DOIs are being developed and implemented jointly by the International DOI Foundation (IDF) and by the Corporation for National Research Initiatives (CNRI), a US-based academic institution with close links to the US government and responsible for many initiatives that underpinned the development of the web. DOIs are implemented on the Handle Architecture system, developed by the CNRI for identifying resources on the internet. In many ways, this is designed to address known weaknesses in the current "domain name" system of web addressing. The team responsible for the Handle system includes Dr Robert Khan of CNRI and other individuals involved in the creation of DNS.

Who is using the system?
Applications using handles have been developed by divisions of the US government's Department of Defence, exploiting internet channels without making documents publicly available on the web. Governments, along with publishers, are considering the use of DOIs for official publications, and the Handle system for sharing and disseminating internal information between departments and inter-governmentally.

How does it work?
Digital identifiers - DOIs and Handles - are allocated by registration agencies and held in one of five Local Handle Systems (LHS) in the US, Asia and Europe. Each is mirrored by a Global Handle System in Washington, partly as a back-up and also to look up identifiers that cannot be served locally. The registration agency holds a directory of pointers to the actual published material. When you click on a DOI or Handle link, the system goes first to the local, and if necessary to the Global, Handle system which points to the actual information. It is analogous to making a mobile phone call, where the number is sent to the mobile network operator, which locates the actual location of the phone and routes the call via the nearest cell.

What happens when content changes location or ownership?
Because content is accessed indirectly, movement of the information from one location (such as a web site address) to another can be accommodated with no discernible impact on the user. Changes in content ownership can also be accommodated since the registration agencies can change their look-up tables to reference the new content owner's systems and naming schemes.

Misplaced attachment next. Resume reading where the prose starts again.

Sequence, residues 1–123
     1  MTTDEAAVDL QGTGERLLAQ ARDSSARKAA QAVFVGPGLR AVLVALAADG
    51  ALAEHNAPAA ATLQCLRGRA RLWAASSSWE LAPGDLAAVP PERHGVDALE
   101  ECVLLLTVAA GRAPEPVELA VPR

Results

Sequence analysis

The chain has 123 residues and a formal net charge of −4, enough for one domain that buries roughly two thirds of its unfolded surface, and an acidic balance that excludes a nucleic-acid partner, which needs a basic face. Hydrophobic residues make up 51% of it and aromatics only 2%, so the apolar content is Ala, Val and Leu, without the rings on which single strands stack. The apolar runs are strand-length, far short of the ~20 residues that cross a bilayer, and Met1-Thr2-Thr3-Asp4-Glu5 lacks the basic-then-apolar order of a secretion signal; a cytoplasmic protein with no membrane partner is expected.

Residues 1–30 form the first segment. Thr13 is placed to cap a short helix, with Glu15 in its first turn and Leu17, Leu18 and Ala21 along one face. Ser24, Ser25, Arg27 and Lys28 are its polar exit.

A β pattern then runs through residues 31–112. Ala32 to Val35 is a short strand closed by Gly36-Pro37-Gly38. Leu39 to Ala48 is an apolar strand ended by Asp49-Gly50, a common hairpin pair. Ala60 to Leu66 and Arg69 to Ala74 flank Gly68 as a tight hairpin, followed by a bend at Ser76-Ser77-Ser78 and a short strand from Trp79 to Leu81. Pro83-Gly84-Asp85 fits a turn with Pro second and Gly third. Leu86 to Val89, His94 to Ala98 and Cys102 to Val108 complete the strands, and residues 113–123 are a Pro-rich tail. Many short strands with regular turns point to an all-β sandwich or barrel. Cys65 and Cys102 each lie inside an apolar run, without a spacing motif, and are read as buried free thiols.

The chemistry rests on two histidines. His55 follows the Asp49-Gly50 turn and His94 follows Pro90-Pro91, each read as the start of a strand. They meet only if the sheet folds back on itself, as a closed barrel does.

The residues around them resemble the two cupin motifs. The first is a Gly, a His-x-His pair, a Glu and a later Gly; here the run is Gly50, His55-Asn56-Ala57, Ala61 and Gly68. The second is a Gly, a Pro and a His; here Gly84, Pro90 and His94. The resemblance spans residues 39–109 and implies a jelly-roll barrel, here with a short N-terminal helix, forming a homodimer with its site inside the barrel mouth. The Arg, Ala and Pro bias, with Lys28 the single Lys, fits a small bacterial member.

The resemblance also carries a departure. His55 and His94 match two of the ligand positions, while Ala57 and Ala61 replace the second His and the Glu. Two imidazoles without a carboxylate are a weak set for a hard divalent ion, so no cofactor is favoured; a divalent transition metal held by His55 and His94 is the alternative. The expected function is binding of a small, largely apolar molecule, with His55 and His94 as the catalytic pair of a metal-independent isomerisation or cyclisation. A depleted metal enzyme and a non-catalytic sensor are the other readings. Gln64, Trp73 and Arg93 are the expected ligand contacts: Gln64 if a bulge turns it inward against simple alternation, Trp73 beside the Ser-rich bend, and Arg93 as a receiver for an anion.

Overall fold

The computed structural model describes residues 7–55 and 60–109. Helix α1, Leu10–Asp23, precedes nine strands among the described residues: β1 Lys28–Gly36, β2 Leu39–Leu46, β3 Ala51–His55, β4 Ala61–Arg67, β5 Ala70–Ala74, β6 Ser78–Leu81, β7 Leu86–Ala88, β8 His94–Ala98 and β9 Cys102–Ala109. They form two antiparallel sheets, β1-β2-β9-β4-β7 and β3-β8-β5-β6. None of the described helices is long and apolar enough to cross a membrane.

How can we be sure the system will work, and what safeguards are there?
The registration agency acts as a trusted intermediary - trusted by the publisher and the user of the information. (DOI agencies tend to specialise in certain domains such as official government publications.) It guarantees continuous availability and can automatically resolve to alternative sources if the primary source is not available for any reason. The Handle system is proof against technical failure of any one central location and is not under any single authority's control. So it cannot be shut down by a maverick individual authority and is not under the control of any one nation.

What about existing identification schemes?
DOIs can accommodate publishers' existing identification systems such as ISBN for book publications. A DOI comprises a prefix and a suffix. The prefix might indicate that the publication is identified by an ISBN, while the suffix, which is not limited in length or format and references the specific content, would contain the specific ISBN. The advantage is that ISBNs and other existing identification schemes can be resolved online using the standard DOI resolution mechanism, which will be understood by many different systems and applications.

What about copyright and access rights?
These can be managed via the trusted intermediary role. The DOI does not give direct access to a document, so rules can be applied at the look-up stage - checking for subscription payment or authority to access, or perhaps requiring the user to acknowledge the copyright terms.

Copyright Financial Times group